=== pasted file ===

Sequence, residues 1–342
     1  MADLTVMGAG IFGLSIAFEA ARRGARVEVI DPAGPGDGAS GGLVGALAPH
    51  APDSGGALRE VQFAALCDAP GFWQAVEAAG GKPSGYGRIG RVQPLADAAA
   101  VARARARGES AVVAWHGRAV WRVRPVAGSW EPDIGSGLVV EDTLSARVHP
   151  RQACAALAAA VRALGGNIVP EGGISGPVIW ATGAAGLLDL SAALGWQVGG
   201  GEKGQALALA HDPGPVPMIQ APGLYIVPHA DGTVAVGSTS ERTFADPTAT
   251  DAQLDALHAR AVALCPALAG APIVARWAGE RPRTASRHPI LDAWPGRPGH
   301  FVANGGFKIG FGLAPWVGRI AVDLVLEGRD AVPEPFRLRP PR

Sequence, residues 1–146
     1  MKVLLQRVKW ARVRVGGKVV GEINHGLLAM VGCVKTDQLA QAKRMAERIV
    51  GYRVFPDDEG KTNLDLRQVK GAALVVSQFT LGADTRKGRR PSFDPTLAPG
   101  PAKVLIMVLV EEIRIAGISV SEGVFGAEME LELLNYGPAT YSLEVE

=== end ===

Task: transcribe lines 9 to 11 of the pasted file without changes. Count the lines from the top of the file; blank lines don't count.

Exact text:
Sequence, residues 1–146
     1  MKVLLQRVKW ARVRVGGKVV GEINHGLLAM VGCVKTDQLA QAKRMAERIV
    51  GYRVFPDDEG KTNLDLRQVK GAALVVSQFT LGADTRKGRR PSFDPTLAPG